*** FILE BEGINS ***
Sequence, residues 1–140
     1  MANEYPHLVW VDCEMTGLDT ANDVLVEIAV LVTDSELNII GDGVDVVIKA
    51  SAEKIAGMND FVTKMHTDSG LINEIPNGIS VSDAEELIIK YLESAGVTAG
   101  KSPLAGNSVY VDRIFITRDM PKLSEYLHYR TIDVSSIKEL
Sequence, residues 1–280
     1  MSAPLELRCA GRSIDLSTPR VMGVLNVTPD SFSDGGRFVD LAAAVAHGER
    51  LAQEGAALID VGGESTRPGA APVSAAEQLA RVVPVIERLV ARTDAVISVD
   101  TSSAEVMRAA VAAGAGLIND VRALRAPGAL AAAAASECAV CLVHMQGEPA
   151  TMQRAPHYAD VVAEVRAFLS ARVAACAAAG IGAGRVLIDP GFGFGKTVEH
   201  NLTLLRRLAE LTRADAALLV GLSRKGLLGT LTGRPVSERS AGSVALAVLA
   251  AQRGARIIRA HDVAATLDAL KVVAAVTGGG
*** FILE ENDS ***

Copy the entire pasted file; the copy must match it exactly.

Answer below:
Sequence, residues 1–140
     1  MANEYPHLVW VDCEMTGLDT ANDVLVEIAV LVTDSELNII GDGVDVVIKA
    51  SAEKIAGMND FVTKMHTDSG LINEIPNGIS VSDAEELIIK YLESAGVTAG
   101  KSPLAGNSVY VDRIFITRDM PKLSEYLHYR TIDVSSIKEL
Sequence, residues 1–280
     1  MSAPLELRCA GRSIDLSTPR VMGVLNVTPD SFSDGGRFVD LAAAVAHGER
    51  LAQEGAALID VGGESTRPGA APVSAAEQLA RVVPVIERLV ARTDAVISVD
   101  TSSAEVMRAA VAAGAGLIND VRALRAPGAL AAAAASECAV CLVHMQGEPA
   151  TMQRAPHYAD VVAEVRAFLS ARVAACAAAG IGAGRVLIDP GFGFGKTVEH
   201  NLTLLRRLAE LTRADAALLV GLSRKGLLGT LTGRPVSERS AGSVALAVLA
   251  AQRGARIIRA HDVAATLDAL KVVAAVTGGG